Even politicians are not immune to the exposure. Rallies have been cancelled and I worry how this pandemic will impact the 2020 election. Will Trump try to postpone the election? He certainly does not seem to have a grip on the seriousness of the situation. No doubt it will go down in the history books as a very disturbing and frightening time all around the world.

Even my meetings for work have mentioned preparations for Covid-19. Cape May, New Jersey might be a small beach town, but we are thinking ahead and giving thought to an approach.

Handouts from my municipal meetings.

Making jokes, sharing memes and pertinant articles on Covid-19 has helped me try to maintain my anxiety. Even writing this article, my FitBit says my heartrate is 93 bpm. And perhaps the scariest part is it seems like it will be a while before we all are able to “return to normal,” if normal is even an option anymore.

My attempt at anxiety-quelling humor.

Here’s a reminder to check on your anxious friends, who may be experiencing a harder
time controling their fears at this time. I am one of them.


Cape May-born designer part of ‘Extreme Makeover’ reboot

Locklyn to make debut Feb. 16 on HGTV reality show


Special to the Star and Wave \ Photos provided.

From a professional dancer to designer to extreme makeover maven, Carrie Locklyn has created an incredible career.

This weekend, Locklyn will make her debut on the reboot of HGTV’s “Extreme Makeover: Home Edition,” scheduled to be broadcast at 9 p.m. on Sunday, Feb. 16, Locklyn is one of three designers helping build incredible new homes for deserving families.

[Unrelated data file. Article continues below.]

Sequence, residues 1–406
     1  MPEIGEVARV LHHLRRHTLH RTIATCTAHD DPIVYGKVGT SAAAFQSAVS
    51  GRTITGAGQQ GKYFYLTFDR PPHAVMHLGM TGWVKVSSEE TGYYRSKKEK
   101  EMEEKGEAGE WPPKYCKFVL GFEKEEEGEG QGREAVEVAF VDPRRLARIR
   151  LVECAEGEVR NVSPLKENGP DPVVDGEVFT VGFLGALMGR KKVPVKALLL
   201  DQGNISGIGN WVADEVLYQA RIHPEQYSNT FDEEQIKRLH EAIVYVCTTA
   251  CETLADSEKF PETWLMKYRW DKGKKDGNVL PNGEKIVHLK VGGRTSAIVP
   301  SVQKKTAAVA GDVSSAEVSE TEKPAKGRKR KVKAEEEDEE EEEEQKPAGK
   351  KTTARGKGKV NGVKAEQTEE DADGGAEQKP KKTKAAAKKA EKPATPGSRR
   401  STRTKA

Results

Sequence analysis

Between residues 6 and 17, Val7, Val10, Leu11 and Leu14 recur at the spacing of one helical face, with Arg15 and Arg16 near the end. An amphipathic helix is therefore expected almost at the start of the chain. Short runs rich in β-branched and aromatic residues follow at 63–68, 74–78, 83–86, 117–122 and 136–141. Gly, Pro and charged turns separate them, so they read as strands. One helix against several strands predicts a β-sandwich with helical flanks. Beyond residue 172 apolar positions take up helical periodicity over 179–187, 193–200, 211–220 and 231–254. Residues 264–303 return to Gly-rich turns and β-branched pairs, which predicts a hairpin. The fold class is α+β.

Born and raised in Cape May, Locklyn graduated from Lower Cape May Regional High School in 1996 and began her career as a professional dancer. After 10 years of traveling the world and living in California, Locklyn decided to completely switch careers and move back to the East Coast.

“Being on HGTV was something I put on my goal wall many years ago,” Locklyn said. “I loved designing, had a background in TV with commercials and hosting. I said one day I’m going to take my design background and mix it with TV and my business.”

For Locklyn, being a part of the HGTV family is a decade-long dream come true. The reboot of the show has the same spirit of the original show, she said.

“Extreme Makeover: Home Edition” originally aired from 2003 to 2012. The new technology in the past eight years will make a big impact in the new series, Locklyn said.

“The large difference for our reboot is helping hometown heroes,” Locklyn said. “We go into amazing communities to find people who are striving to make their community better.”

Throughout the 10-episode series, more than 10,000 volunteers helped build homes from the ground up.

“We can’t build a house by ourselves in five days,” She said. “We build homes from the ground up. We did everything from putting flowers in a vase to installing a toilet and putting tile down.”

Locklyn said watching the home building process was awe-inspiring.

“When you’re just watching the show, you understand the concept of the show,” She added. “With being involved, you’re already gobsmacked you’re a part of everything and seeing it happen.”

A challenging aspect of building the homes was the weather, especially when temperatures reached 108 outside, she said.

“It was really hot when we were building the homes,” Locklyn said. “There’s no shade, no walls or air conditioning.”

The emotional side of filming the show was one of the most rewarding aspects, she said. As the homes are built, the designers bond with the families in each of the episodes.

“The best part of my job is helping create a better tomorrow for deserving families,” Locklyn said. “There are these amazing families helping their communities and one another. It’s an inspiration seeing the communities come together and rally around them.”

The reboot is hosted by actor Jesse Tyler Ferguson, who Locklyn said is a passionate team player.

“When we found out he was the host we were so excited,” She said. “He’s a funny, high spirited and humble guy.”

Locklyn’s design career is linked to growing up in Cape May. At the height of her dance career, she decided to make a big change.